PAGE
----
The National Maritime Museum's major exhibition for 2005 will be a celebration of Pete Goss's Team Philips

The National Maritime Museum’s major exhibition for 2005 will be a celebration of Team Philips.

Team Philips was the dream of one man, Pete Goss, who inspired millions. Pete and his team developed the revolutionary catamaran that was Team Philips. A 120ft loa, 70ft beam (larger than the centre court at Wimbledon) and 135ft high (taller than ten double decker buses) catamaran that owed more to aerospace than boat building. The team, the boat and their combined spirit, entered the hearts, minds and emotions of hundreds of thousands of people all over the world. Now the Maritime Museum is developing a dedicated exhibition celebrating this West Country epic project.

Team Philips was built to be the biggest, fastest and most hi-tech of boats. With wave piercing bow technology she was a sailing spaceship in carbonfibre, and was specifically designed for The Race – a no-holds barred, no limits, round the world challenge.

In December 2000, on the passage to the start of The Race in Barcelona, Team Philips had to be abandoned in freak weather. 70 knot winds, 10m waves and worsening weather conditions, left Pete and his crew no choice but to abandon Team Philips or risk their lives.

Interestingly 40ft of the original 120ft starboard hull was salvaged off Iceland. Carrying thousands of names of individual supporters it will form the centre piece of the exhibition. The museum has been working with Pete collecting objects, photographs, equipment and other memorabilia which will all play a central role in this exciting exhibition.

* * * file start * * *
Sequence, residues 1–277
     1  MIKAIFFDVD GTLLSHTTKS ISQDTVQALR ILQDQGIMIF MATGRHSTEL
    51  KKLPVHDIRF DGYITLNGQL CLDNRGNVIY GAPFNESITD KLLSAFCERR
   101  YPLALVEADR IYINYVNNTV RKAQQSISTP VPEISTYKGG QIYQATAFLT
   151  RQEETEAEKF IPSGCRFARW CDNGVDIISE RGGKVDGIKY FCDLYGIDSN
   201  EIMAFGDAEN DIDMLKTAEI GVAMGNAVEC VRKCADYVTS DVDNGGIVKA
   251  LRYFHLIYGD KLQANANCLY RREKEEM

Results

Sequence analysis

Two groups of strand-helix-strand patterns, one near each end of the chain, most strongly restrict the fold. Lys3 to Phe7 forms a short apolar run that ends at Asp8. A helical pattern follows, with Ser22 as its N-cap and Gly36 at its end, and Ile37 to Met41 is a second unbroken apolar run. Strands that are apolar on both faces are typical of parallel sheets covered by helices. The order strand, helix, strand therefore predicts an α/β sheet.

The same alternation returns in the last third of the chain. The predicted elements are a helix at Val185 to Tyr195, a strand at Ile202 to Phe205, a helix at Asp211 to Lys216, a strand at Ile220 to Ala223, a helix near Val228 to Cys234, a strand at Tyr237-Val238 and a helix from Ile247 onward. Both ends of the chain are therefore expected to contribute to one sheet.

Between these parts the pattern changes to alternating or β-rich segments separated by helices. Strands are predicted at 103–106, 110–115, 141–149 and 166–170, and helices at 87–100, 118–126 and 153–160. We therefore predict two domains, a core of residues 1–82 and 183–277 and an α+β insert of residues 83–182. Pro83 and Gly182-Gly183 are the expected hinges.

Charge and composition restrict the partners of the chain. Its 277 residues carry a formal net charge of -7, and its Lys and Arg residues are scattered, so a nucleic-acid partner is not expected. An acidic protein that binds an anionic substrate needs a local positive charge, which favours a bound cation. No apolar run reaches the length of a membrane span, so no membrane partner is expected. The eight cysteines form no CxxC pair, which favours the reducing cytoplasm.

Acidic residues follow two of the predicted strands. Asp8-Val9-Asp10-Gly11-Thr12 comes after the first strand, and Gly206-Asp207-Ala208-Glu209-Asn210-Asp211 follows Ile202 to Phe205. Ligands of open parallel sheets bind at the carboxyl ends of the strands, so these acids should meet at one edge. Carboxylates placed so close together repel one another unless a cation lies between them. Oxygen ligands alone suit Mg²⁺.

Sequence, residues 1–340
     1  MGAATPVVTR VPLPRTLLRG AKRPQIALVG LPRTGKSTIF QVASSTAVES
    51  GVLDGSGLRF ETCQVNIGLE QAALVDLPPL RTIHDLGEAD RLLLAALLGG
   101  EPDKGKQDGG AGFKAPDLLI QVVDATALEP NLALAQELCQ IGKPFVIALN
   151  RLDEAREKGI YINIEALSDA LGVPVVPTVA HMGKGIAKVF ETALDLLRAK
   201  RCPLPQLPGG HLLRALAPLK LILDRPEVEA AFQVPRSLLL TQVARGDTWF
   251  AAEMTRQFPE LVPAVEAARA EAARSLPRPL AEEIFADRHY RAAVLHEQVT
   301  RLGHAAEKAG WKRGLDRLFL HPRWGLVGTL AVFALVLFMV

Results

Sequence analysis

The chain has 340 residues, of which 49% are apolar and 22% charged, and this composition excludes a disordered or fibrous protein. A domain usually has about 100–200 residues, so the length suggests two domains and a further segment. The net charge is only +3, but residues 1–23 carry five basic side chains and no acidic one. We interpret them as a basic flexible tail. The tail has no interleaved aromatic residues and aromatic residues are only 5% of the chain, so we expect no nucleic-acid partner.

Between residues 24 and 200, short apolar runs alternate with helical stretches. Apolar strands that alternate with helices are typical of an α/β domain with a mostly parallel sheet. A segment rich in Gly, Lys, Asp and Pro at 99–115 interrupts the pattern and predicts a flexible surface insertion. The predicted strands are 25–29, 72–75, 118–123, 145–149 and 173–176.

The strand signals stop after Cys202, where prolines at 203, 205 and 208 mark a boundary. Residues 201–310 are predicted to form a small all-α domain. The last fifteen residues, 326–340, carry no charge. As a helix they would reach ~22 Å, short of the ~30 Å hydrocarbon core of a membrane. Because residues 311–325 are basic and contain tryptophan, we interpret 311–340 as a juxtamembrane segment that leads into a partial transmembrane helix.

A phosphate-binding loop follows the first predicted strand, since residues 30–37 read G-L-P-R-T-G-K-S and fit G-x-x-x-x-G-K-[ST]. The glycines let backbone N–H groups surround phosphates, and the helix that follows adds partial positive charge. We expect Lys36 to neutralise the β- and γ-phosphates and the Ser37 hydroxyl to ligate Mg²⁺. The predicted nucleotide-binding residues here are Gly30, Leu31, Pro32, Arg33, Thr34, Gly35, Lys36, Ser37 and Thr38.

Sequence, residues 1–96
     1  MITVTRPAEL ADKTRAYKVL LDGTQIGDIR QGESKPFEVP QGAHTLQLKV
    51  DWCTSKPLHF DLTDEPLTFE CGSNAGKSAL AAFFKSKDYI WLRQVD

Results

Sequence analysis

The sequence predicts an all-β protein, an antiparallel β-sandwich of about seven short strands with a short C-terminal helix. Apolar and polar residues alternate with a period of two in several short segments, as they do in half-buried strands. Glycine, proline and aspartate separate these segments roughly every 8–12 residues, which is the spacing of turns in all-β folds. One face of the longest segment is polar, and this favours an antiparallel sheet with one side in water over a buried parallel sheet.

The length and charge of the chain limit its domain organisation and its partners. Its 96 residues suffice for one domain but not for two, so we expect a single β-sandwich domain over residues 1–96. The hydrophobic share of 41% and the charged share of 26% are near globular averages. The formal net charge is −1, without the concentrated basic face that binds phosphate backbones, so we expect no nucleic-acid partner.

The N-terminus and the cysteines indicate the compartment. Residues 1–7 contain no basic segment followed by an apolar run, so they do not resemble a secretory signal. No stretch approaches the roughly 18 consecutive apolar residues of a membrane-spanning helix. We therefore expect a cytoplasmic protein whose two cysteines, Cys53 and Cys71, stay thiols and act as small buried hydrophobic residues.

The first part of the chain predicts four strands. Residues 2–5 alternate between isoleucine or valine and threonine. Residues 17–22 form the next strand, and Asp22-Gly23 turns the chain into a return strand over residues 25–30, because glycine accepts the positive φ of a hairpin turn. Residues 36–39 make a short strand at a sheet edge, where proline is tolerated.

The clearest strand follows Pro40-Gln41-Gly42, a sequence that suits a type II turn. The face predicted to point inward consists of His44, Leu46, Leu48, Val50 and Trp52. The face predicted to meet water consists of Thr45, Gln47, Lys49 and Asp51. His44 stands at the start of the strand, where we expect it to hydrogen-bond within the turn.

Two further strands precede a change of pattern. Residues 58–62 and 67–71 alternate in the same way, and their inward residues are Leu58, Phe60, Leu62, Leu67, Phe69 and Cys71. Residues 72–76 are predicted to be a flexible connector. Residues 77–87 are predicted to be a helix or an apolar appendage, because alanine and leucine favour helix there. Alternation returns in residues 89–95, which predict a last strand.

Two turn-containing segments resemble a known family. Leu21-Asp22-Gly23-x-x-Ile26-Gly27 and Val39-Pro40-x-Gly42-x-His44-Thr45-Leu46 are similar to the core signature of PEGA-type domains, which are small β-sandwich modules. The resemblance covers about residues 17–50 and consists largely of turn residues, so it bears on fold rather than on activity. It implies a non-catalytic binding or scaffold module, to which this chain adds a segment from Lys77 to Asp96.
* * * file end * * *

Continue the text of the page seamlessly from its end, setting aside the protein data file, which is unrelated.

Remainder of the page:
Pete Goss commented: “I wanted to preserve the ‘spirit’ of Team Philips and the Museum is the perfect setting. Some might say the project was a failure, so why celebrate it? But, you can’t measure success just by winning, it can be measured in so many ways and I know Team Philips inspired others to go the extra distance, to overcome their fears and to tackle their own challenges. Granny Barney, for example, who at 60 walked the south coast of England to raise £10,000 for her church and Team Philips, is a prime example of the drive and determination that can make anything possible – and that’s why we called the galley after her.

“Progress is about change and development; by definition, attitudes will always follow one step behind. By accepting the risks we chose to drive in the fast lane. Defeat, however, sometimes has to be accepted. As a team we can look the project in the eye knowing that we gave it our all. We dared to dream and we are proud of what we achieved and I am over the moon that the museum will be telling this story.”

The support for the project was enormous, with 1.2m visitors passing through the visitor centre in Totnes and a further 97m hits on the website. Team Philips is the story of an entire community; how an amazing group of people pulled together for the adventure of a new millennium and a celebration of that achievement.

The exhibition in Falmouth, Cornwall opens 28 January 2005.